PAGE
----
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A third of India's top firms on the verge of insolvency

By Krishna Kant
August 12, 2013 08:21 IST
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M-cap of 35% of BSE-500 companies, excluding financial ones, is below their debt or just a shade above

Economic slowdown and the accompanying demand destruction have taken a heavy toll on India’s top companies. The worst-hit are those that had launched aggressive growth plans, largely funded through debt, believing the demand growth in the years to come would be robust.

Many of these firms now find themselves in a spiral of declining profitability, shrinking market capitalisation and rising liabilities. This raises a question mark over their financial viability.

On this parameter, nearly a third of India’s top companies are either financially insolvent or on the verge of it. They can’t use equity markets to raise enough capital to fund these projects or lighten their debt burden. Of the 406 firms in the BSE-500 list (excluding banking and financial ones) that have declared their results so far, the market capitalisation of 143 is either below their debt or just a notch above. The sample includes companies with average market capitalisation (during July this year) of less than 1.5 times their net debt as at the end of 2012-13.

According to figures from Capitaline, at the end of March this year, these companies were sitting on a debt of Rs 13.2 lakh crore — nearly twice their average market capitalisation in July. Two years ago, however, it was the other way around. In July 2011, their market value was 40 per cent higher than their net debt. Over the past two years, their debt (adjusted for cash and other liquid investments on their books) has risen 61 per cent, while their market capitalisation has declined 40 per cent. This has shut for these companies the equity window for project funding or debt repayment.

The list includes companies like Tata Steel, Hindalco Industries, Tata Power, L&T, Jaypee Associates, Adani Power, GMR Infra, GVK Power, JSW Steel, Reliance Infra, IndianOil, HPCL, Shri Renuka Sugars, Bajaj Hindusthan and Suzlon. Their market-cap-to-debt-coverage ratio will look even worse if deferred tax liability and contingent liabilities are included. Most of these firms also have high debt-to-equity ratio (greater than 1.0), poor interest coverage ratio (less than 2.0) and falling profitability.

The ratio would not come as a surprise but for the fact that these financially-stretched firms account for two-thirds of all projects under implementation by BSE-500 companies. Last financial year, these companies together spent Rs 2,59,000 crore (Rs 2,590 billion) on new projects.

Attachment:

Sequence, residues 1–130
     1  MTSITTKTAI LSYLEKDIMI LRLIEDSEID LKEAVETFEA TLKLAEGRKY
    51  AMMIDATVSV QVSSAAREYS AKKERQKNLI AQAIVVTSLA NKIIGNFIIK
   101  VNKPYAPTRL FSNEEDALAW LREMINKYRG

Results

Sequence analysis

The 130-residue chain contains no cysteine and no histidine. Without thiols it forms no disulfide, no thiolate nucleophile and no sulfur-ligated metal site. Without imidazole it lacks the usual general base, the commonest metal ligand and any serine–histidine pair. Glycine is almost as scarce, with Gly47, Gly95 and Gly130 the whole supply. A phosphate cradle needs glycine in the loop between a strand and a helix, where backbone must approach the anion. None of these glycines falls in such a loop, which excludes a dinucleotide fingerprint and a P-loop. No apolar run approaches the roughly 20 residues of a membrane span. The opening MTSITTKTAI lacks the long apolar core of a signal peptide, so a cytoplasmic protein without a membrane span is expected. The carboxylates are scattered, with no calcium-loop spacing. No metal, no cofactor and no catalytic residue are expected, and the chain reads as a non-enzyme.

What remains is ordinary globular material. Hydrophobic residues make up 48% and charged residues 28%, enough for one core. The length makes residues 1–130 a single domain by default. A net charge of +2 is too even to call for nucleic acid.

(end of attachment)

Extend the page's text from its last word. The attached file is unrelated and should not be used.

In all, these have commissioned Rs 6.85 lakh crore worth of new projects in the past two years, accounting for 57 per cent off all capex (by value) commissioned by the companies in the sample. These figures are likely to be revised upwards once all these companies declare their audited financials for 2012-13.

According to experts, the mismatch between the project cost and underlying debt and market value suggests investors’ poor opinion about the financial viability of these projects, given the current weak economic environment.

“Investors have turned away from capital-intensive companies and sectors, to those that generate disproportionately higher cash flows relative to the underlying investment,” says Devang Mehta, senior vice-president & head (equity sales), Anand Rathi Financial Services.

Investors are right in their assumptions. These 143 companies accounted for less than a third of the operating profit of all non-financial companies in the BSE-500 list and less than a fifth of the total cash profits in 2012-13. In comparison, they accounted for 71 per cent of the entire universe of gross debt and around half of all fixed assets. Not surprisingly, these firms accounted for just 14 per cent of the total market capitalisation of all BSE-500 companies in July.

Many, however, caution against painting a grim picture and say this mismatch is routine in an economic downturn. “I would be worried if the underlying projects were unviable or if assets were over inflated. A majority of the corporate debt is tied to marquee projects in sectors like metals & mining, power and oil & gas, among others. Once growth returns, the cash flow from these projects will be more than sufficient to cover debt servicing,” says Deep Narayan Mukherjee, director (ratings), India Ratings & Research.

The real problem is for companies in sectors like real estate, retail, education and construction, which have incurred debt to accumulate working capital or economically-dubious assets, such as land and buildings.

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Krishna Kant in Mumbai
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